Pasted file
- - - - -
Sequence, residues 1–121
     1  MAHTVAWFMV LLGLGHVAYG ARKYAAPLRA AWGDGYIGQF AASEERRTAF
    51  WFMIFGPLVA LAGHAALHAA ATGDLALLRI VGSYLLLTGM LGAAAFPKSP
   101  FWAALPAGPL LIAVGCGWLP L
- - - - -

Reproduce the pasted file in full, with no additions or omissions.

Sequence, residues 1–121
     1  MAHTVAWFMV LLGLGHVAYG ARKYAAPLRA AWGDGYIGQF AASEERRTAF
    51  WFMIFGPLVA LAGHAALHAA ATGDLALLRI VGSYLLLTGM LGAAAFPKSP
   101  FWAALPAGPL LIAVGCGWLP L